God created Adam in His image. Paul writes of Yeshua, “He is the image of the invisible God” (Colossians 1:15). “‘The first man, Adam, became a living soul.’ The last Adam became a life-giving spirit” (1 Corinthians 15:45).
Paul explains that sin and death came to humanity as the result of one man’s sin. Though it is true that we are all guilty of sin, and we are all punished for our own misdeeds, the original introduction of disobedience came through our first father. Through one single act of disobedience, he forfeited his right to the Tree of Life and immortality. Therefore, death came through Adam, “even over those who had not sinned in the likeness of the offense of Adam,” (Romans 5:14) which is to say that everyone dies, whether they sin or not. An unborn child who dies (God forbid), though he never had the opportunity to commit sin, dies all the same.
It does seem frightfully unfair that one man’s single transgression should consign all humanity to death. But it is equally unfair that one man’s righteousness also offers all of humanity the reward of righteousness: “the right to the tree of life.” (Revelation 22:14)
For if by the transgression of the one, death reigned through the one, much more those who receive the abundance of grace and of the gift of righteousness will reign in life through the One, Yeshua Messiah. So then as through one transgression there resulted condemnation to all men, even so through one act of righteousness there resulted justification of life to all men. For as through the one man’s disobedience the many were made sinners, even so through the obedience of the One the many will be made righteous. (Romans 5:17-19)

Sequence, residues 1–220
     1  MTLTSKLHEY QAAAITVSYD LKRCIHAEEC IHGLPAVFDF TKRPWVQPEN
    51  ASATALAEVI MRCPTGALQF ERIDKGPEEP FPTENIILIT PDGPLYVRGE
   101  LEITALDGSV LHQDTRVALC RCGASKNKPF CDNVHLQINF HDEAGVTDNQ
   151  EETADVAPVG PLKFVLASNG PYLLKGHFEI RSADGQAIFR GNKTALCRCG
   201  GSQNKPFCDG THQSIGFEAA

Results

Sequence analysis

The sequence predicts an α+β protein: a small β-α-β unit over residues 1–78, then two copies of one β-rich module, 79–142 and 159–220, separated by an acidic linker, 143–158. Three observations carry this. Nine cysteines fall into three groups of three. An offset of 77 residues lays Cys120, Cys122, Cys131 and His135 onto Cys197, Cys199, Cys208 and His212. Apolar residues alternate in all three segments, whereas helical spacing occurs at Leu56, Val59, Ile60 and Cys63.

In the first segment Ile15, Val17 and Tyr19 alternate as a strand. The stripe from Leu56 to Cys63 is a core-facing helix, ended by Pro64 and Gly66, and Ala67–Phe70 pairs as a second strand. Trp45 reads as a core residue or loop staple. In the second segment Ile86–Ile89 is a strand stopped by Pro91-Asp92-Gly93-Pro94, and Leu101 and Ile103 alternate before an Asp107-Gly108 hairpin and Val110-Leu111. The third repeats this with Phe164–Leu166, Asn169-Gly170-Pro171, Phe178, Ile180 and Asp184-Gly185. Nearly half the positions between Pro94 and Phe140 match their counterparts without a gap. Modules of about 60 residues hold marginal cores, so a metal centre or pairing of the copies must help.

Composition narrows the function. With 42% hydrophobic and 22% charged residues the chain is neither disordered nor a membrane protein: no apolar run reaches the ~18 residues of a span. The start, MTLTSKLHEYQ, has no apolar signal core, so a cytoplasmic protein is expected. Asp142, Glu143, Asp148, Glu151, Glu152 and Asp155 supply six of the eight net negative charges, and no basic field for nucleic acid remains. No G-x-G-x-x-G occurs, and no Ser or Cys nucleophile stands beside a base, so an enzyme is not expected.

Adam’s name means “man.” As human beings, we are all sons of Adam, and we share in his physical nature, including the fallen aspects of it. We share in his condemnation. Messiah is also a son of Adam, sharing in Adam’s nature as it was prior to his disobedience and expulsion. He is in the form of the original man. Thus, the title “the Son of Adam”; that is, “The Son of Man.” He is a second Adam, and unlike this first Adam, He did not transgress. If the first Adam’s sin was sufficient to merit death for all mankind, the righteousness of Messiah–the last Adam–is sufficient to merit us life. “For as in Adam all die, so also in Messiah all will be made alive.” (1 Corinthians 15:22) And this life is not only a spiritual abstraction. It is the hope of eternal life through the resurrection of the dead. It is the reversal of Adam’s bane. We need only cast our allegiance with last Adam, the Life that gives spirit.